43

I'm not familiar with USA house construction methods (I live in the UK) but speaking as a mechanical engineer, I wouldn't even stand near that thing while debating how safe it was. That bolt is presumably supposed to be fixing the post against it popping out sideways. I suppose it was meant to be bolted to a metal beam underneath the concrete. So either ...


24

This should make the hairs on your neck stand-up. What my first thought was is the sand fill that the concrete was floated on has been undermined. Is there a sump pump well in the basement? And if so, do you live in an area that gets a lot of rain? Also, what's missing from that photo ( that hasn't been installed) is a concrete footing of some sort to ...


23

No, it's not ok. For one thing, by the time the city inspector looks at the fully framed building, it will be a little too late to fix it. Secondly, the builder's attitude seems very questionable. Either his framing crew or the concrete sub messed up. At the very least their job is not done in a workmanlike manner. They shouldn't wait and hope things 'slip' ...


13

I think you need to get a structural engineer out there ASAP to investigate; I would be worried too! Your city's by-law office might be able to refer you to someone who can help. It might also be worth getting in contact with your insurance company - they might have their own engineer come out. If you think it's really about to fall over you might opt to ...


13

I'll assume that the hole is there because concrete was put onto unrammed gravel. The current state is left on the picture Now assuming you've got rid of the animals you have to stabilize the existing concrete and the gravel beneath it. The easiest way would be to excavate some of the gravel until you reach some stable foundation (I'd guess it's around one ...


13

Definitely get a home inspector to look over tbe place; there may be other damage from this subsidence... If the price is attractive enough that you'd consider trying to have this redone properly, I'd suggest getting an engineer who know the local soil and hydrology to look at it and tell you what it'd cost to redo this properly. Better to spend a few ...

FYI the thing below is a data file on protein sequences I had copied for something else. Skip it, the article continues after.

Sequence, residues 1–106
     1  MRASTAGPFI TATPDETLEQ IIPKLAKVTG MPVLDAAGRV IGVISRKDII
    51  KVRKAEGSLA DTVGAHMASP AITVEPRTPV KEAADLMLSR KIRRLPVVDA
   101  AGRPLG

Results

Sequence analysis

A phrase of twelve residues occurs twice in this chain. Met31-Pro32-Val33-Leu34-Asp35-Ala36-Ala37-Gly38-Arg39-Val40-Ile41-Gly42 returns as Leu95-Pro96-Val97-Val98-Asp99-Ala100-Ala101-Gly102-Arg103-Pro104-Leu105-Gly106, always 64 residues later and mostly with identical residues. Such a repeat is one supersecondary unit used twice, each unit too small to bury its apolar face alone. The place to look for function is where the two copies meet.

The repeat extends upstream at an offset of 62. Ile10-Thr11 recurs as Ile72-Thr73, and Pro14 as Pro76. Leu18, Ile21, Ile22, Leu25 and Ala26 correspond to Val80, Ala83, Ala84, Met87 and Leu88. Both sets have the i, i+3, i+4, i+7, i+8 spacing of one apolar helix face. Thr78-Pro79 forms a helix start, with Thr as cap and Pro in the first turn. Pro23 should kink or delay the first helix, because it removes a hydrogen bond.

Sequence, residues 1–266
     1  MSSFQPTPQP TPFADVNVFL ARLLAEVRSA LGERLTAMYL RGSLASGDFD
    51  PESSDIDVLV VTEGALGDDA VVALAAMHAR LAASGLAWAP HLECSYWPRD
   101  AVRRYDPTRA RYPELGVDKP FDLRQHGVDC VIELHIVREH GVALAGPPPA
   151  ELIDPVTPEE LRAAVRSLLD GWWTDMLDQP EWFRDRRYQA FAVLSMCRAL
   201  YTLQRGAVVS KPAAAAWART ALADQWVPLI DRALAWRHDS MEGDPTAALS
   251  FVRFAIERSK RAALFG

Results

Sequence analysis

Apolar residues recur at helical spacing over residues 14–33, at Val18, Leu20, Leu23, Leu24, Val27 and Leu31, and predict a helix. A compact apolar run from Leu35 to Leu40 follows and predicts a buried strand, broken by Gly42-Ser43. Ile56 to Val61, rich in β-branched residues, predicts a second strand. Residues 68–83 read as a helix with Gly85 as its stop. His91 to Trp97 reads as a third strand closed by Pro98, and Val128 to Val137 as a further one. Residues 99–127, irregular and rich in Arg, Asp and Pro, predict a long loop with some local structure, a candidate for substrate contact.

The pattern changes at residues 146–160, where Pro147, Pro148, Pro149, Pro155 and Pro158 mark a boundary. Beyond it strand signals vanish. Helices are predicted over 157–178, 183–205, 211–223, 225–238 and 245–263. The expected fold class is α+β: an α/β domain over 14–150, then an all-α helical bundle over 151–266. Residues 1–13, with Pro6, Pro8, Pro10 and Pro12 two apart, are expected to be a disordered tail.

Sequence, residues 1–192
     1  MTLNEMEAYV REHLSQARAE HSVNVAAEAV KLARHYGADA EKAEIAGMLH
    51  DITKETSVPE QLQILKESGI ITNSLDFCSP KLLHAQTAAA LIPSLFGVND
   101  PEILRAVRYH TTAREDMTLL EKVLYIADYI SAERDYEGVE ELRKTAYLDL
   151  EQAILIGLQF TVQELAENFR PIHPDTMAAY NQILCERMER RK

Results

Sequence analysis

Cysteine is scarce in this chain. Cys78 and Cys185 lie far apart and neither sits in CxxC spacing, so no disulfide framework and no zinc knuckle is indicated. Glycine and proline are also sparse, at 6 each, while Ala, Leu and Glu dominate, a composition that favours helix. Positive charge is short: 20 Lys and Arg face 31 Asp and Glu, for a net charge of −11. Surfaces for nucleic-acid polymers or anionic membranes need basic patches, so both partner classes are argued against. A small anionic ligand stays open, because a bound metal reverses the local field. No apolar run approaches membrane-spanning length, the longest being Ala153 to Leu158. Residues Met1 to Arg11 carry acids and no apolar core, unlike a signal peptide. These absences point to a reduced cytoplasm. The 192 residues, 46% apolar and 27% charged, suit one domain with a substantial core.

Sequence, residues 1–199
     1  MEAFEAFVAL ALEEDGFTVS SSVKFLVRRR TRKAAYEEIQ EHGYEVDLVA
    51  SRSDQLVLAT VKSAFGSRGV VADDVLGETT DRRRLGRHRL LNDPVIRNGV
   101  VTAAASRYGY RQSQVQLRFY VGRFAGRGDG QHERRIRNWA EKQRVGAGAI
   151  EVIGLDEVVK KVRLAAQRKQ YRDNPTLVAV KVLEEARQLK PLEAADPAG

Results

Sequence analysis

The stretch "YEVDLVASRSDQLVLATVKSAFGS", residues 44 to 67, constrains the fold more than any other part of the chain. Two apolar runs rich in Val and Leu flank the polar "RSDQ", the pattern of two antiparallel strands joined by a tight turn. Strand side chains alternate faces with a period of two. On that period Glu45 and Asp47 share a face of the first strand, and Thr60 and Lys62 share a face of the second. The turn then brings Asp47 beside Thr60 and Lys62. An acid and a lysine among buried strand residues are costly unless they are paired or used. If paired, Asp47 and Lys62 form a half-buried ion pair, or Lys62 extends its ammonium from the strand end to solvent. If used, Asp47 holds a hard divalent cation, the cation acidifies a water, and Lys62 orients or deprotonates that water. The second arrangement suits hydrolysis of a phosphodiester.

12

OK this is easy. The answer is NO. The construction has issues: There are no bolts for the sill plates. 2.The sill plates should be spaced on the slab so that wall plus exterior finish meets slab. It looks like this house is getting brick or thick stone given the 3 inches or so from the edge. I am not sure about your situation. You are having a ...


12

The information is incorrect, the temperature at which concrete becomes unsafe for re-use is significantly lower, 570 degrees F actually. The 'telltale" sign is if concrete that was not charred from nearby combustibles turns a pinkish hue. That color change is due to chemical changes in the iron-containing compounds in the aggregates used in making concrete ...


12

You've really got a two-step question here Would a lack of gutters and grading explain the water? The simple answer is yes. That's the source here. Even without gutters and proper grading, should the foundation walls still be water proof if they were constructed correctly? It's that second question that will get you. Your basement walls comprise an ...


11

My house has the main electrical come in below grade (built in 1967 before they knew better). I would get some small leakage coming in around the conduit where it came through the concrete and later hydro-static pressure pushing water right up into the main breaker box which, though inside, was also below grade. With a un-floored crawl space, some water ...